B cell targeted therapies have become an important focus in MS research, but the precise role of B cells in MS is not fully understood. We investigated the phenotype of peripheral B cells in MS patients with varying disease types and on different DMDs. Our findings demonstrate that MS is not associated with a significant deficiency in CD5+CD1d+ Bregs, (Figure 2B). However, we found an increase in total CD19+ B cell number (Figure 2A) and CD19+CD27-IgD+CD5+CD1d+ naïve Breg number (Figure 2E) in MS patients. The percentage of CD19+CD27- IgD+ naïve B cells with a CD5+CD1d+ Breg phenotype increased in MS as well (Figure 2F), demonstrating that this increase in naïve Breg number is not directly related to the increase in total MS B cells. It has been proposed that IL-10 derived from naïve B cells functions to prevent autoimmune inflammatory responses, where as IL-10 derived from memory B cells functions to resolve active disease exacerbation [21]. Another study found that IL-10 is produced primarily by naïve B cells, whereas memory B cells produce proinflammatory proteins such as tumor necrosis factor alpha [22]. In addition, RRMS patients undergoing a relapse have a diminished proportion of naïve Bregs [23]. Though we do not have information on the disease activity of each individual at the time of sample collection, it would be interesting to observe if there is a correlation between B cell subsets and relapses. It is possible that remission is facilitated by an increase in naïve Bregs which function to prevent against the inflammatory response of MS. Indeed, a study utilizing induced Bregs derived from naïve B cells ameliorated EAE, and this strategy could potentially be used to produce autologous induced Bregs for personalized immunotherapy to treat MS [16].

An absolute lymphocyte count was available for patients who received a CBC within a week of sample collection. By plotting the absolute lymphocyte count against the number of CD19+ B cells in Figure 3 we expect a linear correlation. Instead we find that MS has a reduced correlation, indicating dissociation between total lymphoid content and CD19+B cell count which suggests altered homeostasis regulation B cell content (Figure 3A). This aberrance does not directly imply that B cells are the cause of MS progression as they might be a consequence of the disease, and we only observe an association between MS and B cell number. However, if this increase in B cells is not a byproduct of MS but rather a contributing factor to the disease, it is clear that B cell depletion therapies such as rituximab would be beneficial to MS patients [5]. These observations suggest that there is possibly a distinct B cell homeostatic profile in multiple sclerosis. Interestingly, we did not observe an absolute decrease in the number of blood Bregs. This leads us to propose that Breg deficiency is not apparent in MS as a possible lymphoid defect and that there may be a disease relationship between B cell biology and MS which may explain, in part, beneficial B cell depletion strategies.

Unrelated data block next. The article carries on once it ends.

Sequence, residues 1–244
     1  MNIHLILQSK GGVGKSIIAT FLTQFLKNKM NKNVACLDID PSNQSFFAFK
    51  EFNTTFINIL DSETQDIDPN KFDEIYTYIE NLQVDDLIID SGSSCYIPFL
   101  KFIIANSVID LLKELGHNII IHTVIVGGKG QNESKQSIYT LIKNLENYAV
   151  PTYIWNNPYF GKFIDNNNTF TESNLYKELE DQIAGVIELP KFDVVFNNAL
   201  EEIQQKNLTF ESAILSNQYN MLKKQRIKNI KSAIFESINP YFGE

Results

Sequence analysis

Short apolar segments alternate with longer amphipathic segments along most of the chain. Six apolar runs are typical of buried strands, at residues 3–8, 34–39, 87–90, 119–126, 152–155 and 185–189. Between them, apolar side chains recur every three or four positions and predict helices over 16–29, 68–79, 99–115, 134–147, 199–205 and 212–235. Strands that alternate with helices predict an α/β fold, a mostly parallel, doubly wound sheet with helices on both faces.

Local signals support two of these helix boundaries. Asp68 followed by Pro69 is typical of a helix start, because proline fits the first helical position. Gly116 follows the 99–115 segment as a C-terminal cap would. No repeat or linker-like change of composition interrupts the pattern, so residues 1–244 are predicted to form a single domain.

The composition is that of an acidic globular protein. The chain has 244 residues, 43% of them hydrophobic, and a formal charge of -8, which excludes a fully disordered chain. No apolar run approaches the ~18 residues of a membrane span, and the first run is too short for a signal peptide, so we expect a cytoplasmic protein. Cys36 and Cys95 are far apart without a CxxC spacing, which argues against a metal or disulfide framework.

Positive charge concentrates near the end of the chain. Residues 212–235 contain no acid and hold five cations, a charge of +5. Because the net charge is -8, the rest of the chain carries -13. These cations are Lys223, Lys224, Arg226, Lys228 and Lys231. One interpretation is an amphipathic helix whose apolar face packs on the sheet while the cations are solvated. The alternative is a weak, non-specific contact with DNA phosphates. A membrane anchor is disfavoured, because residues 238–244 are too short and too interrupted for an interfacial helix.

There has been extensive debate about the identification of Bregs and the role of IL-10 in autoimmune diseases. Our study defined Bregs as CD19+CD5+CD1d+ based on the phenotype defined in mice [15]. A more definitive method of identifying peripheral Bregs would be to measure intracellular levels of IL-10 following stimulation with PMA and ionomycin [24,25]. The CD5+CD1d+ Bregs identified in our study may be a small subset of a larger population of IL-10 producing B cells, or B10 cells, which as a whole are only identifiable by their capacity to express IL-10 [26]. While we did not observe a difference in the CD19+CD5+CD1d+ Breg population between MS and HC, it is possible that the overall B10 population might be distinct. The exact contribution that IL-10 provides in other autoimmune diseases is also controversial. IL-10 production was found to be higher in rheumatoid arthritis (RA), primary Sjogren’s syndrome (SS), and systemic lupus erythematosus (SLE), pointing to B cell hyperactivity as the cause of these autoimmune diseases [27]. However, in SLE patients a subset of Bregs defined as CD19+CD24hiCD38hi produced less IL-10 and lacked suppressive capacity when compared to healthy controls [28]. In addition, recombinant IL-10 has been proposed as a therapeutic treatment for RA due to its efficacy in the mouse model collageninduced arthritis [29]. In EAE, Bregs inhibit disease initiation whereas generic B cells promote disease progression, as demonstrated in a study utilizing CD20 antibody-mediated depletion of B cells [30]. Studies have also demonstrated the efficacy of using autologous regulatory B cells in EAE [16,31]. In conclusion, we have not observed a significant deficiency in B cells with a Breg phenotype in MS which supports the hypothesis that MS does not arise from an acquired Breg numerical defect. Interestingly, we observed that MS subjects, independently of DMD used, have a significant increase in blood B-cell content which supports the notion that B-cell biology is altered in MS in a manner which may provide rationale for B-cell depletion strategies for this ailment.


This material is based upon work supported by the Howard Hughes Medical Institute under Grant No. 52005873, by the Atlanta Clinical and Translational Science Institute PHS Grant UL under Grant No. RR 025008, and by grants from National Institutes of Health (5R01AI093881) and Georgia Cancer Coalition (to J Galipeau).


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Citation: Habib J, Deng J, Lava N, Tyor W, Galipeau J (2015) Blood B Cell and Regulatory Subset Content in Multiple Sclerosis Patients. J Mult Scler 2:139.

Copyright: © 2015 Habib J, et al. This is an open-access article distributed under the terms of the Creative Commons Attribution License, which permits unrestricted use, distribution, and reproduction in any medium, provided the original author and source are credited.